Experts have warned it may be too soon to compare data (Picture: Getty Images)

Coronavirus patients admitted to intensive care have a better chance of surviving now than when the pandemic first hit the UK, new data shows.

A report from Intensive Care National Audit and Research Centre (ICNARC) looked at patients admitted to intensive care in England, Wales and Northern Ireland up to August 31, as well as those admitted from September 1,

On average, just below 12% of critical care coronavirus patients have died since the start of September, compared to 39% up to the end of August.

Speaking to the BBC, Dean of the Faculty of Intensive Care Medicine Dr Alison Pittard, warned the difference was likely because not enough time has passed to properly assess the outcomes of those admitted to hospital in September.

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Many patients will still be in critical care and won’t be included in the data until they either pass away or are discharged.

Dr Pittard said: ‘There are lots of reasons why the mortality rate reduced over time but the biggest thing is we have learnt more about the disease.

New figures indicate coronavirus patients in critical care have a better chance of surviving now than when the pandemic started in the UK.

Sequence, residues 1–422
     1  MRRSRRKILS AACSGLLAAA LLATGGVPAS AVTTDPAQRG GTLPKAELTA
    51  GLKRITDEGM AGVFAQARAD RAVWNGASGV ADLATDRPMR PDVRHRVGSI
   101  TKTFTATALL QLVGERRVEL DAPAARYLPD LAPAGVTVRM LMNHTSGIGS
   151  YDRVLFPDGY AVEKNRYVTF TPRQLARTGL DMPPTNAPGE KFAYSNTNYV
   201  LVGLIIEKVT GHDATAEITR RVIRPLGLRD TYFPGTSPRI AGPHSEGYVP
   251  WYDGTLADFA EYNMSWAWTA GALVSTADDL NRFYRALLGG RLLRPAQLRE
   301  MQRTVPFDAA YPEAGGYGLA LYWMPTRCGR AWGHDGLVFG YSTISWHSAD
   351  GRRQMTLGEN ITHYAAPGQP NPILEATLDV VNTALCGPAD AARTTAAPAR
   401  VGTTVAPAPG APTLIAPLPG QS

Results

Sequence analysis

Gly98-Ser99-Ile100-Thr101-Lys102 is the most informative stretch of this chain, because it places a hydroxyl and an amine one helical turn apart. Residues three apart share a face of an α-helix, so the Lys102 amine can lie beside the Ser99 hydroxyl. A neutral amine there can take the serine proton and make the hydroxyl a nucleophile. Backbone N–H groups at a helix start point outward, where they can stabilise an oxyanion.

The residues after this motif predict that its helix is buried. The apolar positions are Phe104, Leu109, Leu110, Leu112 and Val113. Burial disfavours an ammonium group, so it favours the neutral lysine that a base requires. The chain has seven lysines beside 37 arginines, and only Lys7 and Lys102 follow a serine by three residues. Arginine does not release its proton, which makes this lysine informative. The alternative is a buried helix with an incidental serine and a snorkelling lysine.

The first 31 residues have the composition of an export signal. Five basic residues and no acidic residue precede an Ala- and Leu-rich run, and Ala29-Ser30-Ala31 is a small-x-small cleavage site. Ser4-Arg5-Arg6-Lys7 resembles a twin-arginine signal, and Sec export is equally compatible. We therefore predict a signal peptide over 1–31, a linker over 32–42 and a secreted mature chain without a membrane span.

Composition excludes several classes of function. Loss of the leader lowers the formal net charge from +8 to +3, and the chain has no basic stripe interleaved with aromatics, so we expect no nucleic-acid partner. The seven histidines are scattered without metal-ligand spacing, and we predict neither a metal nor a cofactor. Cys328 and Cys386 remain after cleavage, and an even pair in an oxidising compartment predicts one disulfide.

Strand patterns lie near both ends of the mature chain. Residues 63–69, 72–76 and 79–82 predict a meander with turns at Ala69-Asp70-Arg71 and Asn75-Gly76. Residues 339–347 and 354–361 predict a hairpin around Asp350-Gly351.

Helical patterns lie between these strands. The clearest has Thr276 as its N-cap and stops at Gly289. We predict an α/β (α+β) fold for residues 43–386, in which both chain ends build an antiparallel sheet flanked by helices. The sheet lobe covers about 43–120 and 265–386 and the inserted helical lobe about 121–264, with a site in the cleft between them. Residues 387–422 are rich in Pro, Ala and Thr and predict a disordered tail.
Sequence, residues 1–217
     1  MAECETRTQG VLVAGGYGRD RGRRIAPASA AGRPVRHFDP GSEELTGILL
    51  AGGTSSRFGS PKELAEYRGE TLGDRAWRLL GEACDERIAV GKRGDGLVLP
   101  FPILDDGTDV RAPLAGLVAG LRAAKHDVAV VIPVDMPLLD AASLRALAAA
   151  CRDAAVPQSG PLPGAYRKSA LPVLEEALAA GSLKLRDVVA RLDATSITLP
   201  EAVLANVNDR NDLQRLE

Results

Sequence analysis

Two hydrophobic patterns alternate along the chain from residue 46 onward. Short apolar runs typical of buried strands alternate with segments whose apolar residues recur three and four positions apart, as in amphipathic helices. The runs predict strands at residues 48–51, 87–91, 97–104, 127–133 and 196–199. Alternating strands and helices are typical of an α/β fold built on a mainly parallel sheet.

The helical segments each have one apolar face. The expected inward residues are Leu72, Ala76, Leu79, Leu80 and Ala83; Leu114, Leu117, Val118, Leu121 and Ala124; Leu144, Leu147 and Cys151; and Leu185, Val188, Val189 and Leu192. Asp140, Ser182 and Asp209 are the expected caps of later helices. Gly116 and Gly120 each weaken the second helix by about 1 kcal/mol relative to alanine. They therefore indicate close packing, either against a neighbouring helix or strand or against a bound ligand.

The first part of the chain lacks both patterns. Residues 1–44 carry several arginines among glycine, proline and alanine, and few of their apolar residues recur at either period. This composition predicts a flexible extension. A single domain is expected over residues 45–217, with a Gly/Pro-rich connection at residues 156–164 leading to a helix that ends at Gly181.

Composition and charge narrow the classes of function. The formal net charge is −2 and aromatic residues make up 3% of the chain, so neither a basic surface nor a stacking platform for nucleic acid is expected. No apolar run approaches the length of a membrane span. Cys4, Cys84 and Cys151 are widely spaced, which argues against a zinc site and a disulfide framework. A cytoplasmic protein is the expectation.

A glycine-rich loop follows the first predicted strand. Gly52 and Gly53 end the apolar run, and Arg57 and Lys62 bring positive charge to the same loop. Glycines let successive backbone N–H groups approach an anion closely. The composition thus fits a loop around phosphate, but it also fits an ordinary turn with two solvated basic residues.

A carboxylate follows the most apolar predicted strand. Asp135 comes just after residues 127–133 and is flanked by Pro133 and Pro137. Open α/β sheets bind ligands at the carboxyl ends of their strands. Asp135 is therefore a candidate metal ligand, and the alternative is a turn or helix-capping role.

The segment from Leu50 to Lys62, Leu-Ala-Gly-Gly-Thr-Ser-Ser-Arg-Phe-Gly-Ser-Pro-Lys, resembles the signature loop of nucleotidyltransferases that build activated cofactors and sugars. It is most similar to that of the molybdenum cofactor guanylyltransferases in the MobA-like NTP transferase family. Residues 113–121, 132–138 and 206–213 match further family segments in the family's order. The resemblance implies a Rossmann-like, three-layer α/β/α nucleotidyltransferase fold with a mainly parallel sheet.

The report was carried out by Intensive Care National Audit and Research Centre (Picture: Getty Images)

Doctors wearing personal protective equipment (PPE) treat a patient with Covid-19 on an intensive care unit (ICU) at Frimley Park Hospital, operated by Frimley Health NHS Foundation Trust, in Camberley, U.K., on Friday, May 22, 2020. Coronavirus cases among U.K. health-care workers were no higher than those among the general public in a study that screened hundreds of hospital staff, including dozens who remained on the job after becoming infected. Photographer: Steve Parsons/PA Wire/Bloomberg via Getty Images
Coronavirus cases continue to rise across the UK (Picture: Getty Images)

‘In the early days we were, almost immediately that people were admitted, putting them in ICU, sedating them and putting them on a ventilator. We started to use more non-invasive ventilation and patients were doing very well.’

The figures come as the number of Covid-19 cases in hospitals continues to surge across the UK.

Speaking during Friday’s coronavirus briefing, Boris Johnson said soaring hospitalisation figures had played a role in the introduction of Government’s new three-tier system.

He said: ‘These decisions were necessary because of the rate of increase not just of infections but also in hospitalisations and admissions to intensive care.

‘Without action, there is no doubt that our NHS would soon be struggling to treat the sheer number of people seriously ill with Covid.’

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Source: Metro